Grammar

Rem.—Some sentences assert the being, condition, or state, of a person or thing—or an action which does not terminate on an object. Others assert an ction which terminates on an object.

Some sentences assert but one fact; others, more. Some assert an independent, or a principal proposition; others, a secondary, or qualifying proposition. Hence,

Prin. Sentences are distinguished as—

DIAGRAMS.

Prin. The office of a word in a sentence, determines its position in the diagram, according to the following


GENERAL RULES.

RULE

  1. The principal parts of a sentence are placed uppermost, and on the same horizontal line; as 1, 2, 3.
  2. The Subject of a sentence takes the first place; as 1.
  3. The Predicate is placed to the right of the subject—attached; as 2—7—11—26
  4. The Object is placed to the right of the predicate; as 3. The object of a phrase is placed to the right of the word which introduces the phrase; as 22 to the right of 21.
  5. A word, phrase, or sentence, is placed beneath the word which it qualifies; as 4 and 5 qualify I ~—(25, 26, x) qualify 22
  6. A word used to introduce a phrase, is placed beneath the word which the phrase qualities—having its object to the right and connecting both; as 15 connecting 12 and 16—21 connecting 3 and 22.
  7. A word used only to connect, is placed between the two words connected; as 10 between 7 and 11; and a word used to introduce a sentence, is placed above the predicate of the sentence, and attached to it by a line; as 0 above 2.
  8. A word relating back to an other word, is attached to the antecedent by a line; as 6 attached to 1, and x to 22.
(5.)
THE SCIENCE

OF THE ENGLISH LANGUAGE.




A

PRACTICAL GRAMMAR:


IN WHICH


WORDS, PHRASES, AND SENTENCES ARE CLASSIFIED ACCORDING TO

THEIR OFFICES, AND THEIR RELATION TO EACH OTHER.


ILLUSTRATED BY


A COMPLETE SYSTEM OF DIAGRAMS.


“Speech is the body of thought.”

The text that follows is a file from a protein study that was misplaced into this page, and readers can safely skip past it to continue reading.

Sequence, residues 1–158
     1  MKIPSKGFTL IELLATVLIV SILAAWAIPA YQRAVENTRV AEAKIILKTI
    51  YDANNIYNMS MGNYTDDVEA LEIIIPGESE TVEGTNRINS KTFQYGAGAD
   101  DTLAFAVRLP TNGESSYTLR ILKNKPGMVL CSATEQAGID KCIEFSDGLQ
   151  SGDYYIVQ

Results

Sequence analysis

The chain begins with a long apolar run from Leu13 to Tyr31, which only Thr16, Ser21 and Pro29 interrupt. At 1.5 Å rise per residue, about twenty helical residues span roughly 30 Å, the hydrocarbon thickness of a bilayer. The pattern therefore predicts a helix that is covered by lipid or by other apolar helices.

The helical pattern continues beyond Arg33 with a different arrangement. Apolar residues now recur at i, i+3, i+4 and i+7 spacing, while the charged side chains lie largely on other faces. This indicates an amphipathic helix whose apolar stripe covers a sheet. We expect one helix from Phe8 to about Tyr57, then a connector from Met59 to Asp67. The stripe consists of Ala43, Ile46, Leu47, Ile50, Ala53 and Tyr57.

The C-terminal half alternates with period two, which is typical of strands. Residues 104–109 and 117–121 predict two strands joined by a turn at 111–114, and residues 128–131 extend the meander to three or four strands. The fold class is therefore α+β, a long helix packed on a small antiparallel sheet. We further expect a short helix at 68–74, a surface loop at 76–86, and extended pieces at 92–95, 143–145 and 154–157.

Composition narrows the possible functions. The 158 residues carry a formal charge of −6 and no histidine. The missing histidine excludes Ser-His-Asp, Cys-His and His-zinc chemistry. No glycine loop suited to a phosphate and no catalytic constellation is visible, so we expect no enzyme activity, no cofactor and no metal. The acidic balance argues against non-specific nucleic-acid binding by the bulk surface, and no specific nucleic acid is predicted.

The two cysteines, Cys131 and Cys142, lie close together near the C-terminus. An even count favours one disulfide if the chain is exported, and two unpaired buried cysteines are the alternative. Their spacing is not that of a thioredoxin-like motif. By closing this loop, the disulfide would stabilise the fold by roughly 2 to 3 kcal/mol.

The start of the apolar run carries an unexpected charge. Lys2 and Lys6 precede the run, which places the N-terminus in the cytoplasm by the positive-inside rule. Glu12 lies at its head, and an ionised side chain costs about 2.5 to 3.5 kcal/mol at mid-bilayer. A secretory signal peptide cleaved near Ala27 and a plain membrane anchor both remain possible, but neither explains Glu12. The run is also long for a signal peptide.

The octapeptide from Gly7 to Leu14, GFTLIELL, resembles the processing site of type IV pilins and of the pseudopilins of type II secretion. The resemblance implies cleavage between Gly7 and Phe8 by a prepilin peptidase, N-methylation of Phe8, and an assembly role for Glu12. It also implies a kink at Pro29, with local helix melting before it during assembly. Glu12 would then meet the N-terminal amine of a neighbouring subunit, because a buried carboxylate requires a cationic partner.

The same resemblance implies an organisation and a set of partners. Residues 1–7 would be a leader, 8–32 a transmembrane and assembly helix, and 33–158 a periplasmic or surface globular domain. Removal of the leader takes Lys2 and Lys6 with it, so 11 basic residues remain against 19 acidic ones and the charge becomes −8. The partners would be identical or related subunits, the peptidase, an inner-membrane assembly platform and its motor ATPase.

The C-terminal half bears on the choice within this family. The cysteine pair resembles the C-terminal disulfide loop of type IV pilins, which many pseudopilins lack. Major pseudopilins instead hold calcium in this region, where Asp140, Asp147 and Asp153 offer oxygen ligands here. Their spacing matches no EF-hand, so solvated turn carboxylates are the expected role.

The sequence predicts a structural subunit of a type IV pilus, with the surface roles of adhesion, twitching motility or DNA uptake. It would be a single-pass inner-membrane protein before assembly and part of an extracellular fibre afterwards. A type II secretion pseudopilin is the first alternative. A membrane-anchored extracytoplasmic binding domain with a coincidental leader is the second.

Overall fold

BY S. W. CLARK, A. M.,

In traditional grammar, adverb was a catch-all category for everything that was difficult to analyze. Unfortunately, this had the effect of making the category heterogeneous. Some words that are traditionally called adverbs show very different distributions from other words in the same caategory. In some cases, we will not categorize these words as adverbs at all. We will note such cases as they occur in later chapters. We will begin, however, with the most obvious cases.

Adverbs are characteristically used to modify verbs. That is, they perform the same function for verbs that adjectives do for nouns. And indeed, adjectives and adverbs are often closely related, but they do not appear in the same function:

Topic: 
Adjectives typically specify characteristics of nouns, or they limit the application, as in "the large refund," "an enthusiastic participant," or "purple prose." Most often they appear before a noun, although they can also appear in their own phrases after certain verbs known as linking verbs, as in "Wilma looks cheerful." or "They were happy."

Morphologically, most adjectives are gradable. That is, they express the grammatical category known as degree. The basic form of the adjective, which expresses a quality, is known as the positive degree. To express a greater intensity of one of two items, the comparative degree is used, either by adding the suffix –er or with the word more and the basic adjective. To express the greatest intensity among three or more items, the superlative degree is used, either with –est or most.

Topic: 

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